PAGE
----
SOLD OUT! Challenges in the Middle East
April 20th, 2017
As the new administration grapples with pressing and competing domestic and international priorities, the Middle East remains a region of complex and growing challenges and threats. From the fight against ISIS in Iraq to the brutal war in Syria to Mideast peace to the fate of the Iran deal, the Middle East continues to challenge U.S. policymakers. With the first 100 days of the Trump administration approaching, join the World Affairs Council for a look at the direction of U.S. policy in the region. Former Middle East advisor to Vice President Joe Biden and current Senior Fellow at the Center for American Progress Daniel Benaim will offer an assessment of and update on this critical region.
About the speaker:
Daniel Benaim is a Senior Fellow at Center for American Progress, researching U.S. policy in the Middle East, as well as a visiting lecturer at New York University. Previously, he served as a Middle East policy advisor and foreign policy speechwriter at The White House, the State Department, and the U.S. Senate. He was also an international affairs fellow at the Council on Foreign Relations.
Until June 2015, he was foreign policy speechwriter and Middle East advisor to Vice President Joe Biden, traveling with the vice president to 25 countries. Before that, he wrote speeches for Secretary of State Hillary Clinton and Deputy Secretaries Bill Burns and Tom Nides and served as a member of Secretary Clinton’s policy planning staff covering Egypt. Benaim also has been a professional staff member on the Senate Foreign Relations Committee, chief speechwriter to Sen. John Kerry (D-MA), and a detailee to the National Security Council staff. Additionally, he designed and taught a graduate speechwriting course at The George Washington University.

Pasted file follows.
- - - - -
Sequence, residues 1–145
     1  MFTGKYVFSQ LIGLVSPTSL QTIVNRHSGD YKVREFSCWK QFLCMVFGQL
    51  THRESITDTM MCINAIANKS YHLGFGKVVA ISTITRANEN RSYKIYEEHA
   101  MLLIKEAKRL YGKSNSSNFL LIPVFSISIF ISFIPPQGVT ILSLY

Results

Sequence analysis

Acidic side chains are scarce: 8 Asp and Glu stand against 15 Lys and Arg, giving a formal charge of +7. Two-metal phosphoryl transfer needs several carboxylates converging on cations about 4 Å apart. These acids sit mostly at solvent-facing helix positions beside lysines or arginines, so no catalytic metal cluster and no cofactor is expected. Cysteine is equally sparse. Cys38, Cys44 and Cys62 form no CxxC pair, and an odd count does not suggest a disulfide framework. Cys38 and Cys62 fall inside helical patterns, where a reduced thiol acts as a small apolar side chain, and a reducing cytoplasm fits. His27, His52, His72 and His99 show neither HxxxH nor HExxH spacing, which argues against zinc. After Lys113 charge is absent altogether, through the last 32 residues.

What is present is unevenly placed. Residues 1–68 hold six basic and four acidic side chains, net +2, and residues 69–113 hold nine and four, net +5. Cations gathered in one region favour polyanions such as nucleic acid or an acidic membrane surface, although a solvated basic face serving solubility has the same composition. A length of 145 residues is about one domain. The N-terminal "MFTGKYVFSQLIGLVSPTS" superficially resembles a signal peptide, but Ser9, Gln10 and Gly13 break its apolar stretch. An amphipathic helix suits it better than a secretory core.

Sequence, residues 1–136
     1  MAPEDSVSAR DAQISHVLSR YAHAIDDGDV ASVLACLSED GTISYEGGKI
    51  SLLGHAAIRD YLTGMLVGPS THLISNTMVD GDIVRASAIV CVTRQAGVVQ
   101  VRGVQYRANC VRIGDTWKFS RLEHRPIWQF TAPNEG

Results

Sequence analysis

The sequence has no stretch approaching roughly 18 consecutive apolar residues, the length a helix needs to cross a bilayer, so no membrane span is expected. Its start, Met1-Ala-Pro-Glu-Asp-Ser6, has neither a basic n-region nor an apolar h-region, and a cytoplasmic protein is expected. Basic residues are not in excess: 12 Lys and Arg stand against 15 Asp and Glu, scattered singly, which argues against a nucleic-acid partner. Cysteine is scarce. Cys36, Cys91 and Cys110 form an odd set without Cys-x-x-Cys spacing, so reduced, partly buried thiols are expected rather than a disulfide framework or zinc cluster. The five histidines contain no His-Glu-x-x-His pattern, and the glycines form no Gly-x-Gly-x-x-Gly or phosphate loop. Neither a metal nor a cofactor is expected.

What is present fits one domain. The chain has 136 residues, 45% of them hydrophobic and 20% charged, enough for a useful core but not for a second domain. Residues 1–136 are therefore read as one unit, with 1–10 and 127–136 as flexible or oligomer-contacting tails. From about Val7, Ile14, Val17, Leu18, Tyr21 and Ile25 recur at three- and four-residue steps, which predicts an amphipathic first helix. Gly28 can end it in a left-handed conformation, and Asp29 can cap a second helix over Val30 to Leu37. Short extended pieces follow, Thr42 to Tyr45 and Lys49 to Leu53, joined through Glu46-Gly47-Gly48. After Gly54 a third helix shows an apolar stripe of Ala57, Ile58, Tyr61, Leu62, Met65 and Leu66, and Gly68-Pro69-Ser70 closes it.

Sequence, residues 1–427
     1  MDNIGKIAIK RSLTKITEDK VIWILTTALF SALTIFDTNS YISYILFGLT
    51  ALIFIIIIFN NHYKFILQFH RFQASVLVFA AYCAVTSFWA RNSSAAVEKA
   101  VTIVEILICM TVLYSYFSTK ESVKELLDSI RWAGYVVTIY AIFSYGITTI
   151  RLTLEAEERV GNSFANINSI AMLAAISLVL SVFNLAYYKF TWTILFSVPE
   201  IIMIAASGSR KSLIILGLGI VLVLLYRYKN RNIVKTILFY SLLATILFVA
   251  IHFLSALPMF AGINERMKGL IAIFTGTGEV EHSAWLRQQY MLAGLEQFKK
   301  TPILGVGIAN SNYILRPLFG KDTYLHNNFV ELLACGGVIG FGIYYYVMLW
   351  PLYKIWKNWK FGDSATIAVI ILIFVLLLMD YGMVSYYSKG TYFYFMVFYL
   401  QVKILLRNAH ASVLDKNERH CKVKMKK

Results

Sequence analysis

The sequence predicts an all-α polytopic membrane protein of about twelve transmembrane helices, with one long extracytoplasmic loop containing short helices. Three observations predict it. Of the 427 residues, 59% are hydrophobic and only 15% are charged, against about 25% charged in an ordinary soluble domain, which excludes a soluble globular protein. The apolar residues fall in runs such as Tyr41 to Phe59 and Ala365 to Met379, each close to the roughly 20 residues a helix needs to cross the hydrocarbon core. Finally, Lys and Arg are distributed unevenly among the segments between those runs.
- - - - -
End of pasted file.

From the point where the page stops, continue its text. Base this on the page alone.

Benaim’s writings on behalf of government officials have appeared in numerous publications, including The New York Times, The Washington Post, The Wall Street Journal, and Foreign Affairs. Publications under his own name include the International Herald Tribune, The Boston Globe, and The American Prospect. He received his M.A. in law and diplomacy from The Fletcher School and his B.A. in English literature from Yale University. He is a term member at the Council on Foreign Relations.
About the moderator:
Nova Robinson is an Assistant Professor of International Studies at Seattle University. Her research is positioned at the intersection of Middle Eastern history, women’s history, and the history of international governance. Her dissertation was on transnational Syrian and Lebanese women’s activism in the early twentieth century. It exposed how that activism contributed to the construction of international women’s rights norms. Her article “Arab Internationalism and Gender: Perspectives from the Third Session of the UNCSW, 1949” was published in the International Journal of Middle East Studies in Summer 2016. Another article, “‘Women’s point of view was apt to be forgotten’: The Liaison Committee of International Women’s Organizations’ Campaign for an International Women’s Convention, 1920-1953,” can be found in The Institution of International Order: From the League of Nations to the United Nations (University of Pennsylvania Press, 2016). She is working on a book manuscript provisionally titled, Arab Women and International Women’s Rights, 1910-1965. Robinson has been living, working, and conducting research in the Middle East since 2005. She received her PhD from Rutgers University, The State University of New Jersey in 2015.